Mike Keneally: Behind the Creative Mind
Or in the case of something like "Our Collected Wisdom To Date," I improvised a melody with a horn sound on John's Kurzweil keyboard, then devised harmonies for each little section of the line. All the music was manually played, there isn't any programming or artificial harmonization on the album.
AAJ: Where the song titles prewritten, and if so, did they influence your compositional approach to each track?
MK: All the titles came afterward and were simply responses to the way each section sounded to me.
AAJ: There are many layers to your playing on the album, as well as a number of instruments that you use in your playing. Can you talk about how you approach layering in your writing when tackling a project such as this?
MK: It's all very intuitive. When I would listen to a new section of the drum solo in order to begin working on a new part, sometimes I would hear a guitar part in my head, sometimes a keyboard part and sometimes a bass line. Whatever sound popped into my head, that's what I would record first.
The layering which would then build up around that initial part is just a reflection of my personal taste regarding arrangement and record productionjust build things up until the section feels the way I want it to feel, achieves some sort of goal which I can't describe verbally but can at least put down in sound.
AAJ: You mention in the liner notes that you perform on a "xylophone type instrument" on the album. Can you describe this instrument and tell us how you were introduced to it in the first place?
MK: It's a wooden mallet instrument of several octaves which was built by Joe Hlavaty and given to me as a gift on tour in the late '90s. It has no stand and no resonators under the bars so it has a very spiky sound. For the album, we put it on top of an amp case so I could play it in the sessions. You can hear me doubling some of the guitar lines on "Tooth And Cold Stone Pew" with it.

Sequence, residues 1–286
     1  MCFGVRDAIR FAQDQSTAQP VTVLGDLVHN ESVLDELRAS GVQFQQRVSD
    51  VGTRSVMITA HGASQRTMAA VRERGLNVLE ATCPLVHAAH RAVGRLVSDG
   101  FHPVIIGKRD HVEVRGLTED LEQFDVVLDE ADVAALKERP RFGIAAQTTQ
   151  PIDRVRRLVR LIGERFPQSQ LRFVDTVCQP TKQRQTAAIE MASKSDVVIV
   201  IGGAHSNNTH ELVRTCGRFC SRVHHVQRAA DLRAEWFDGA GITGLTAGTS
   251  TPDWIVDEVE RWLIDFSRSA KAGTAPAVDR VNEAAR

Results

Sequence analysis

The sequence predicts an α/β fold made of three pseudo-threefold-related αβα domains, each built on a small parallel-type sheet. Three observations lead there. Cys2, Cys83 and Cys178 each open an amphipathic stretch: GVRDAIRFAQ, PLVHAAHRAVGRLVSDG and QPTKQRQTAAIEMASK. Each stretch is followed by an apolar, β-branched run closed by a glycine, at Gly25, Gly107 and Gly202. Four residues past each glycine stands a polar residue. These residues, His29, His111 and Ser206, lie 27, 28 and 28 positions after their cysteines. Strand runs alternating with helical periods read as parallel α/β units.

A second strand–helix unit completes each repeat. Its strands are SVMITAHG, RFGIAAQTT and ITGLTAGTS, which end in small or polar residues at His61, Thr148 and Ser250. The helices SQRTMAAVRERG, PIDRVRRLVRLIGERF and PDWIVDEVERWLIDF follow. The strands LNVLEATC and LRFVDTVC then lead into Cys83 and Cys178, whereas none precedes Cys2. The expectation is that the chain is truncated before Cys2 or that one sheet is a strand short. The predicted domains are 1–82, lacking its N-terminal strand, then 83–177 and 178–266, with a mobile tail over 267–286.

AAJ: How would you describe your relationship to jazz and classical composition? Do you even feel like you fit into those genres, or is the avant-garde beyond any categorization at this point in musical history?
MK: I'm not sure about genres in general as it applies to me. I think it's clear I've never fit into any particular style, which is why it might be hard for listeners to get a bead on me, and therefore why I haven't built up a larger following. A lot of people like to know exactly what something is going to sound like before they even press "play," but I've always enjoyed being surprised in my own listening habits.
I guess my own music is a natural extension of this taste for surprise and adventure. I love high-quality examples of every music genre you can imagine and I don't turn myself off automatically to anything. To specifically respond, my relationship to jazz and classical is one of enthusiastic listener and student, and awed admirer of the best practitioners of those styles, but I'm neither a jazz nor a classical musician. I use aspects of both styles to inform my approach to rock writing and playing. Even The Universe Will Provide (Favored Nations, 2004), my orchestral suite, is nothing like a classical piece really. I don't know what it is, but it sounds nice to me.
AAJ: Now that you've worked through the project and have seen and heard the final result, would you embark on a similar album-DVD in the future?
MK: Maybe, if Marco asks!
Mike Keneally/Marco Minneman, Evidence of Humanity (Exowax, 2010)
Joe Satriani, Black Swams and Wormhole Wizards (Epic, 2010)
Mike Keneally, Scambot 1 (Exowax, 2009)
Mike Keneally, Guitar Therapy Live (Exowax, 2006)
Frank Zappa, Trance-Fusion (Zappa Records, 2006)
Mike Keneally, Wooden Smoke (Exowax, 2002)
Mike Keneally + Metropole Orkest, The Universe Will Provide (Favored Nations, 2004)
Mike Keneally, Nonterkomp (Exowax, 1999)
Mike Keneally, Hat. (Exowax, 1992)
Frank Zappa, Make a Jazz Noise Here (Barking Pumpkin Records, 1991)
Frank Zappa, Broadway the Hard Way (Barking Pumpkin Records, 1988)
Page 1: Courtesy of Source Audio
Page 2: Courtesy of Mike Keneally